Here's what I see when I peruse through Hans Rickheit's comics: creepy men with animal heads opening into new universes, bio-organic tumorous growth machines, balloons that hatch armadillos, trees fused with bicycles, musical instruments made from animal organs. Rickheit is simultaneously horrific, humorous, precise and astonishing. All of us know the bewildering nature of dreams, but few spend their waking life trying to emulate them. Reading Rickheit's comics is like waking from a curious nightmare, reaching for a pencil to write it all down, and then promptly falling back asleep again. He even says, "I have no rationale for them, nor can I explain them. I am ill-equipped to describe them adequately." But when reading critical reviews of Rickheit's work, three descriptive terms do rise from the disorientation: dreamlike, Victorian and Obscurantist.
Rickheit started producing comics for the public when he was only seventeen. He confesses that he used to keep a dream journal, because it seemed important to record the third of his life he spent in that state. And like many dreams, his work is permeated with sexuality. These comics aren't pornographic, but they're certainly not safe for work. He has an obsession with anatomical bodies (animal and human) and the mysterious widgets he might find inside of them.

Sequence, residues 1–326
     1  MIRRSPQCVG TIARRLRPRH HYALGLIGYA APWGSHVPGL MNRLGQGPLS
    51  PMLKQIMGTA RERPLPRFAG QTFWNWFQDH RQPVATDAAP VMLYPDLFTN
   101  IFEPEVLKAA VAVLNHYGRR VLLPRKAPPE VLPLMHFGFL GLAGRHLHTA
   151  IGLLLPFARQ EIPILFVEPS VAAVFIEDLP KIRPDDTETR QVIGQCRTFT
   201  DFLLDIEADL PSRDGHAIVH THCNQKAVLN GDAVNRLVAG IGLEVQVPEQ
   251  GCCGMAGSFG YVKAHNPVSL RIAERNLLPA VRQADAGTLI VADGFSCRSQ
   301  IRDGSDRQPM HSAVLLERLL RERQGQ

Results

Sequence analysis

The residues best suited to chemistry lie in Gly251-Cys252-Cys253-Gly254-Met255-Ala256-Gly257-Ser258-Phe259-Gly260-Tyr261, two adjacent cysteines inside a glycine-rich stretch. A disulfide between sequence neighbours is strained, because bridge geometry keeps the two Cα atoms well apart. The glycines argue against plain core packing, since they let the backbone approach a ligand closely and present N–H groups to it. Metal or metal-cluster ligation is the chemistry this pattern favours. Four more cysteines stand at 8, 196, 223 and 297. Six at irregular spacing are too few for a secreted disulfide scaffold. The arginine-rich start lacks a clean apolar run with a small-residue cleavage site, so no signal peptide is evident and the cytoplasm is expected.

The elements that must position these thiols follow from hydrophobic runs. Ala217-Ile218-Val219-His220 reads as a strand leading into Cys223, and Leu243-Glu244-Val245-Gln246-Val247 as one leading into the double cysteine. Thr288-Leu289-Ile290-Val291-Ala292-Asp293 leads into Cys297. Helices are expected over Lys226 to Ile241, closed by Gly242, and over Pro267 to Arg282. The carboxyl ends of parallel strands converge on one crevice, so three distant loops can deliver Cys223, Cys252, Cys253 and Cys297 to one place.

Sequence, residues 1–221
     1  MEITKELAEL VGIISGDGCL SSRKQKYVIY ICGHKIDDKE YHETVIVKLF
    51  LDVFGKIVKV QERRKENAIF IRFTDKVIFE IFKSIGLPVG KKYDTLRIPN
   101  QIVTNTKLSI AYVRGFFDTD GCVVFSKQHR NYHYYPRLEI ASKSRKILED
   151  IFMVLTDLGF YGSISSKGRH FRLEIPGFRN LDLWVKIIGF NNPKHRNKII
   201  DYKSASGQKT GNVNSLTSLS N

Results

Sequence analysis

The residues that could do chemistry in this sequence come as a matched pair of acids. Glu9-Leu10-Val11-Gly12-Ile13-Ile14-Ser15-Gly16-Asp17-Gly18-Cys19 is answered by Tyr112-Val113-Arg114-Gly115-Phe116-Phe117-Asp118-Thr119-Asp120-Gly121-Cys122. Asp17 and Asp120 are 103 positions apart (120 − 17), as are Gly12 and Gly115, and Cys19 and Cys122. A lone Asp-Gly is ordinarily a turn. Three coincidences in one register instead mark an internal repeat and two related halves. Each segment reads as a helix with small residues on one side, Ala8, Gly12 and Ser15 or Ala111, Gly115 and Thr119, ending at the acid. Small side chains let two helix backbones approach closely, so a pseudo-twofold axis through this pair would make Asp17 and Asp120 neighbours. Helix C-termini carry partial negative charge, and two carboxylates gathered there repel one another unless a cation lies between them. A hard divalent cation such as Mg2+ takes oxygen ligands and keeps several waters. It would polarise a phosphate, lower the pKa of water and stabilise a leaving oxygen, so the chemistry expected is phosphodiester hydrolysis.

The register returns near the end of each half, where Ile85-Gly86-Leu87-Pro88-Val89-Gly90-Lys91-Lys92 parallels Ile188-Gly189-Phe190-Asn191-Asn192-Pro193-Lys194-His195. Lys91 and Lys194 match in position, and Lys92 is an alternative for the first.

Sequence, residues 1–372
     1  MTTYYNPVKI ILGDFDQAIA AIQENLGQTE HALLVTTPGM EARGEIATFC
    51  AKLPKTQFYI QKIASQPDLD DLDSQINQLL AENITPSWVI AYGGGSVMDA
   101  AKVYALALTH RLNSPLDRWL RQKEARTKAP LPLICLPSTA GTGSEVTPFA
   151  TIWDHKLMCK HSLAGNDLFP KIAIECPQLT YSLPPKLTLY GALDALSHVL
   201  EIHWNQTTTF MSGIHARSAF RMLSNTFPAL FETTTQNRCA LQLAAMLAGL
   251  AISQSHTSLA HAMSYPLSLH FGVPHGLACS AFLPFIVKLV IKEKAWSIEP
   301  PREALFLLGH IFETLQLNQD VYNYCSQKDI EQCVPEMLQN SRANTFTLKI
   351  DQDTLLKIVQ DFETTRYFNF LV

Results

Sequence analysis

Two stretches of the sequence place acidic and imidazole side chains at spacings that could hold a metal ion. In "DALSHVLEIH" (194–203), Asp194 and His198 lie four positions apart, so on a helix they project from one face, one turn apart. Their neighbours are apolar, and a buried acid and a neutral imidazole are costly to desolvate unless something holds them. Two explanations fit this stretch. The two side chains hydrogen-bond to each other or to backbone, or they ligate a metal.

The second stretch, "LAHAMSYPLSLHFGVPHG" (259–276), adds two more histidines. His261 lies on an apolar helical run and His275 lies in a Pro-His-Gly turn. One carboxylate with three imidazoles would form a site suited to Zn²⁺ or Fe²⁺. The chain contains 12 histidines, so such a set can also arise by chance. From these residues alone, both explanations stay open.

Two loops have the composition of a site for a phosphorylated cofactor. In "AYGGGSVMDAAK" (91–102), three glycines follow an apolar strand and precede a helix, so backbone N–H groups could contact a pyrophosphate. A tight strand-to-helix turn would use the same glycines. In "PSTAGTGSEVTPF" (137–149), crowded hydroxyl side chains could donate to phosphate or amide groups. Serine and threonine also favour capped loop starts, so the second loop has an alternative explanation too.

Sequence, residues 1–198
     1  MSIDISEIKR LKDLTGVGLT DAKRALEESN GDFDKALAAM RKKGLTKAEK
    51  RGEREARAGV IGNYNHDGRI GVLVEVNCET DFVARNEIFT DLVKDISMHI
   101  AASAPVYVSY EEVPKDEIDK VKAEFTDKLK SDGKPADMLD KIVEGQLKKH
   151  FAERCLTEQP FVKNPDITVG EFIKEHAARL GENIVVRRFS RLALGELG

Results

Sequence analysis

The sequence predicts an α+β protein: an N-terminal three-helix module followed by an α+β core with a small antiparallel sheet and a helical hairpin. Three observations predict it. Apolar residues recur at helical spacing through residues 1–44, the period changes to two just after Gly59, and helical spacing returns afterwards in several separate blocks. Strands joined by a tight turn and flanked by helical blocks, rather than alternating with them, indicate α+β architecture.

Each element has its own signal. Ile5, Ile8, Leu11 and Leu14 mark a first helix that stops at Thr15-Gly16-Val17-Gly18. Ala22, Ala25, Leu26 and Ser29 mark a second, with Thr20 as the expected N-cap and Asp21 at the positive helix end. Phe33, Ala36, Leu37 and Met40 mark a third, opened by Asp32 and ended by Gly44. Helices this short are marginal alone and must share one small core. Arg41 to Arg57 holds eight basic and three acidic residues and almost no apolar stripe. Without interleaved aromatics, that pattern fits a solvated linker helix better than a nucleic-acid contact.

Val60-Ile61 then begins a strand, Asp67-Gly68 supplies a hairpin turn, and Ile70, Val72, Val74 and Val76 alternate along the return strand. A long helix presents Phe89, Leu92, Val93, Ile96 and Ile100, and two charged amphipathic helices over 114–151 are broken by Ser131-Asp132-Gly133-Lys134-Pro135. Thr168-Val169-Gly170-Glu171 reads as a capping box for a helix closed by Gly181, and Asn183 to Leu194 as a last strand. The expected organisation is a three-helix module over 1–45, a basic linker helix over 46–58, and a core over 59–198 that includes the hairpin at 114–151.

Influenced by Burroughs and Kafka, Rickheit describes their works as "mechanical devices," confessing that he likes "watching machines doing things." That's evident from the various apparatuses throughout his work, a synthesis of organic and mechanical parts. This industrial obsession might be part of the "Victorian" aesthetic ascribed to his comics. They seem to both long for a simpler time, while still being fascinated with the results tasked to strange anachronistic Rube Goldberg machines. Rickheit finds that "the contemporary world is a very ugly and crass place." So he fills his stories with the aesthetics and architecture of history, peppered with morbid devices not meant for mass production.
Trying to decode Rickheit's stories though is probably beside the point. Some have defined him as an "obscurantist" because his work is purposefully dense and mysterious. He doesn't withhold information from the reader. In fact each panel can be overwhelming with the visual data he supplies. But it's not designed to make traditional sense. Yet despite being so obtuse, Rickheit frames his storytelling perfectly, so we can always tell what is happening in sequential order. We just can't decipher why it's happening.
Where to start with Hans Rickheit? Well, his webcomics Cochlea and Eustachia and Ectopiary are both available entirely online, and the former's first chapter is available in print through Fantagraphics. He's also published two graphic novels: Chloe and The Squirrel Machine. Finally, Rickheit's earlier self-published comics work has recently been collected into a giant volume titled Folly.
Take a journey into his gallery of dreams... though don't expect to wake up understanding them any better than he did.